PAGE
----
When you think of the words Speed and Velocity you may immediately think they are the same thing. But there is a difference between the two and we will explain what is the difference between speed and velocity in this article. When it comes to measuring motion, that is the relative passage of an object through space at a certain rate of time, several different factors need to be taken into account. For example, it is not enough to know the rate of change (i.e. the speed) of the object. You must also be able to assign something called a vector quantity; which is simply the direction as well as the rate of change of that object. This vector quantity measurement is ultimately the major difference between Speed and Velocity.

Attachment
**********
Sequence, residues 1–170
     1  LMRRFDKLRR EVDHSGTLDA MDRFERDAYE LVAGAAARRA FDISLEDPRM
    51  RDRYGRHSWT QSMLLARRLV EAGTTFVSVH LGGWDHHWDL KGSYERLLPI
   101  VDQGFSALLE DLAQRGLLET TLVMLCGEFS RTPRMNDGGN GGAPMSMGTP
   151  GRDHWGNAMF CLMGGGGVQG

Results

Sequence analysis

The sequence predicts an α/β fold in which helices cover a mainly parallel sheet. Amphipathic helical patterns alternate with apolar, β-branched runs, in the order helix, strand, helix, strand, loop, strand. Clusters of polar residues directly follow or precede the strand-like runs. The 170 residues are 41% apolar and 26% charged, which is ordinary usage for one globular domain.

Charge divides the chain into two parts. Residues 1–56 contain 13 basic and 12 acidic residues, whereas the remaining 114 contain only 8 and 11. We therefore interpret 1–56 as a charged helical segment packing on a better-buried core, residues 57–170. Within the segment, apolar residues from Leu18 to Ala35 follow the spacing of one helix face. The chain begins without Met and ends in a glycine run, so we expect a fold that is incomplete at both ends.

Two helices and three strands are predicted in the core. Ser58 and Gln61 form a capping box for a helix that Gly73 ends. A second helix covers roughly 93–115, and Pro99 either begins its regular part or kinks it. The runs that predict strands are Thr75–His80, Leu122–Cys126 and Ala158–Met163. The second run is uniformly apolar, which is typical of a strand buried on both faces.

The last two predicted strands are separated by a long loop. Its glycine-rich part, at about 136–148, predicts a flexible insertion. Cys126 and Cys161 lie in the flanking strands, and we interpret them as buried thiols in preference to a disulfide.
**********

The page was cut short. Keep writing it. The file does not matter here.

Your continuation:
Both Speed and Velocity are calculated using the same unit of measurement (km/h, m/s, mph, etc.), the two are different in that speed is described using numerical values alone (i.e. a scalar quantity) whereas Velocity describes both magnitude and direction (a vector quantity). For example, 80 km/hr describes the speed at which a car is travelling along a road, while 80 km/hr west describes the velocity at which it is travelling.

You could argue that the two terms are interchangeable and, for most of us, they are and you can in fact use these terms in the same context. But, if you want to be precise, remember that in order to achieve velocity you simply have to have direction component.